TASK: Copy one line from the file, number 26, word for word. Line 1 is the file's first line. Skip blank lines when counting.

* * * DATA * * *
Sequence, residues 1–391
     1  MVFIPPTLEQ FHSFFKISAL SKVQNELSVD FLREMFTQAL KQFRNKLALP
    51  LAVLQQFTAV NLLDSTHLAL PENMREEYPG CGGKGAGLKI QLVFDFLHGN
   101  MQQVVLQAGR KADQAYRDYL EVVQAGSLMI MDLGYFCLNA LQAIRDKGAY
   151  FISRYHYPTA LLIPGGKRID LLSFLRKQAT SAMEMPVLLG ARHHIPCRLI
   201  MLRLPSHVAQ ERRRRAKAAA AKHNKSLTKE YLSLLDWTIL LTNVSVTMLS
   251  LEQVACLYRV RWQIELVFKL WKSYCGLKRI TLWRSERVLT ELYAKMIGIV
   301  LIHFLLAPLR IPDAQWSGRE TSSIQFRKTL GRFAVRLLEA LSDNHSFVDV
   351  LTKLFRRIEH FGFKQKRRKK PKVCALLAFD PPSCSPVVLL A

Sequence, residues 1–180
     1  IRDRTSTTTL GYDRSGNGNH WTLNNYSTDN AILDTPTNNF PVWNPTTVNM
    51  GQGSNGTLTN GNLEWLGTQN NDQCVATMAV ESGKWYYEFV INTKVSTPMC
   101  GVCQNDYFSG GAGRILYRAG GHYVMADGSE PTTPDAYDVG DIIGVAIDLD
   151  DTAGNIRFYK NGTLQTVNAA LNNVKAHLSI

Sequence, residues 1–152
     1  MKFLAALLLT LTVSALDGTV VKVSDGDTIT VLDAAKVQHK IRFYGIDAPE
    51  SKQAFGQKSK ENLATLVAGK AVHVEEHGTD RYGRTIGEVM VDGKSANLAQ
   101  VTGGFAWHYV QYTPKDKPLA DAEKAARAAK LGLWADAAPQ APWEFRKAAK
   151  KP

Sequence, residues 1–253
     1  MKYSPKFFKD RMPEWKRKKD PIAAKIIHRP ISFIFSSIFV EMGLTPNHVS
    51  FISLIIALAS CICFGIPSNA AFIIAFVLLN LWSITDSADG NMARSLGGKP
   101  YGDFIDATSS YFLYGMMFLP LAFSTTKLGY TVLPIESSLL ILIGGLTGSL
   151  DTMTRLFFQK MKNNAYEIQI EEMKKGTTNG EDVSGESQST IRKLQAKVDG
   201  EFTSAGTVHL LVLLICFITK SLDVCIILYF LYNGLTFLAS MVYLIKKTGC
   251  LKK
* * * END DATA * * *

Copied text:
   251  LKK